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SEC Filings

 filed this Form 424B2 on 12/06/2017
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whose status as a U.S. Holder is not overridden by an applicable tax treaty. Conversely, a “Non-U.S. Holder” is a beneficial owner of a debt security other than a partnership or a U.S. Holder.

If any entity treated as a partnership for U.S. federal income tax purposes is a beneficial owner of our debt securities, the tax treatment of a partner in the partnership generally will depend upon the status of the partner and the activities of the partnership. Any entity or other arrangement treated as a partnership for federal income tax purposes that is a beneficial owner of our debt securities and the partners in such a partnership (as determined for federal income tax purposes) are urged to consult their own tax advisors about the U.S. federal income tax consequences and other tax consequences of the acquisition, ownership and disposition of our debt securities.

Tax Consequences to U.S. Holders

Payments of Interest. Payments of qualified stated interest (as defined below under “—Original Issue Discount”) on a debt security will be taxable to a U.S. Holder as ordinary interest income at the time that such payments are accrued or are received (in accordance with the U.S. Holder’s method of tax accounting).

Purchase, Sale, Exchange, Retirement or other Disposition of Debt Securities. A U.S. Holder’s tax basis in a debt security generally will equal the cost of such debt security to such U.S. Holder, increased by any amounts includible in income by the U.S. Holder as original issue discount (“OID”), and market discount and reduced by any amortized premium (each as described below) and any payments other than payments of qualified stated interest (as defined below under “—Original Issue Discount”) made on such debt security.

Upon the sale, exchange, retirement or other disposition of a debt security, a U.S. Holder generally will recognize gain or loss equal to the difference between the amount realized on the sale, exchange or retirement (less any accrued qualified stated interest (as defined below under “—Original Issue Discount”), which will be taxable as such) and the U.S. Holder’s tax basis in such debt security.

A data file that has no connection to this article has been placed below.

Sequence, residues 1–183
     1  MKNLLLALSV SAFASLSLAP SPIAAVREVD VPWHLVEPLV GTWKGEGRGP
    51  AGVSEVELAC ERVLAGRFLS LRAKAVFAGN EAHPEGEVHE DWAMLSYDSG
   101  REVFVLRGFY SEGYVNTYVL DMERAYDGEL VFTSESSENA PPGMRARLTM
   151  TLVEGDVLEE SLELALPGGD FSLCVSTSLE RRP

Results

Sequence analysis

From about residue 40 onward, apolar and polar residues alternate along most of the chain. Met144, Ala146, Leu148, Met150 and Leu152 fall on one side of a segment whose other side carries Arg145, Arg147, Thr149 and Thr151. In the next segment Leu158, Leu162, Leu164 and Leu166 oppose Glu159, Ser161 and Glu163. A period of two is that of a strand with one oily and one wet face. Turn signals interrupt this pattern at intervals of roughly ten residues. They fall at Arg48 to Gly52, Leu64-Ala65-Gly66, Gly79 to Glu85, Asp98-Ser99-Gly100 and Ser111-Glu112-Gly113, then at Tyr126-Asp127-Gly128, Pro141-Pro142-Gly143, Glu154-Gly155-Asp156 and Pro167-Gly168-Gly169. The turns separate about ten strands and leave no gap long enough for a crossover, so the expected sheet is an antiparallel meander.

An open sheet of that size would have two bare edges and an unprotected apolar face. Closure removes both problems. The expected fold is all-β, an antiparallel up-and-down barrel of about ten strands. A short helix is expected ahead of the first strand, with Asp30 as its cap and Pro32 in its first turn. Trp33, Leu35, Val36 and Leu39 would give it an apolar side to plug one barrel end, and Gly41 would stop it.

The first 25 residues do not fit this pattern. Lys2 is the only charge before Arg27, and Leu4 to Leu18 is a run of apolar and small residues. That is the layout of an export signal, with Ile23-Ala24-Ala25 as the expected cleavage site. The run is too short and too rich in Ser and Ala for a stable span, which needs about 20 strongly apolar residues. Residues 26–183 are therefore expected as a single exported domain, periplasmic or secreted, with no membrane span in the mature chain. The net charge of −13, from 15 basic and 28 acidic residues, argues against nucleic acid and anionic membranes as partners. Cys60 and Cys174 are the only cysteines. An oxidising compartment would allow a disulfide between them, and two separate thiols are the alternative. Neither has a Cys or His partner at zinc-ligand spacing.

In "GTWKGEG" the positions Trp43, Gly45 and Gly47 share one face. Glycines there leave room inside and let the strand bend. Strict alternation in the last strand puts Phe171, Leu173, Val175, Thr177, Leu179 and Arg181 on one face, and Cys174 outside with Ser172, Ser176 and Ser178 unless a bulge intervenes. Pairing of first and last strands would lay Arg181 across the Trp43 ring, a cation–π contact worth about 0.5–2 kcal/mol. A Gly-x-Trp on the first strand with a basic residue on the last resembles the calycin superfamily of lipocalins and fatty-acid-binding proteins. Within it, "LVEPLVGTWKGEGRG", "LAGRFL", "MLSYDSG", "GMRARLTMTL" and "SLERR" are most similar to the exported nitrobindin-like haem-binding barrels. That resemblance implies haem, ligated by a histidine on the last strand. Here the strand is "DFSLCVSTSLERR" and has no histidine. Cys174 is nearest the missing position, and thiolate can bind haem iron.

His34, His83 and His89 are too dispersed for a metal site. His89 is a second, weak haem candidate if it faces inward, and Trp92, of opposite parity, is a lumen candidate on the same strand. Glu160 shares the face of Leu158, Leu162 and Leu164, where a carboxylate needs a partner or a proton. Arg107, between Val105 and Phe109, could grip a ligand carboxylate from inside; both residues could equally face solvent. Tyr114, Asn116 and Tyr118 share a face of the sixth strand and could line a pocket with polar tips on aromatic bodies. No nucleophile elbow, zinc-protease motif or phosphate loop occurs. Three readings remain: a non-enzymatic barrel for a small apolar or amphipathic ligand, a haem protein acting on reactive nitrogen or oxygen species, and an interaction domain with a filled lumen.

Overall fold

Except as described below with respect to market discount, gain or loss recognized by a U.S. Holder generally will be long-term capital gain or loss if the U.S. Holder has held the debt security for more than one year at the time of disposition. Long-term capital gains recognized by a noncorporate U.S. Holder, including an individual, generally are subject to tax at a lower rate than short-term capital gains or ordinary income. The deductibility of capital losses is subject to limitations.

Original Issue Discount. In addition to, or as an alternative to, bearing qualified stated interest (as defined below), a debt security may be issued with OID. U.S. Holders of debt securities with OID generally will be subject to the special tax accounting rules for obligations issued with OID provided by the Code and certain regulations promulgated thereunder. Debt securities issued with OID will be referred to as “original issue discount debt securities.” Notice will be given in the accompanying prospectus supplement when we determine that a particular debt security is an original issue discount debt security. U.S. Holders of such original issue discount debt securities should be aware that, as described in greater detail below, they generally must include OID in ordinary gross income for U.S. federal income tax purposes as it accrues, in advance of the receipt of cash attributable to that income.

A debt security will generally be considered to be issued with OID if its stated redemption price at maturity (as defined below) exceeds its issue price (as defined below) by more than a de minimis amount (generally, 0.25% of such stated redemption price multiplied by the number of complete years to maturity). The “stated redemption price at maturity” of a debt security is generally the sum of all payments to be made on the debt security other than qualified stated interest (as defined below). “Qualified stated interest” is generally stated interest that is unconditionally payable in cash or in property (other than our debt instruments) at least annually during the entire term of a debt security at a single fixed rate or, subject to certain conditions, based on one or more interest indices. The “issue price” of each debt security in a particular offering will generally be the first price at which a substantial amount of that particular offering is sold to the public (ignoring sales to underwriters, placement agents or wholesalers).



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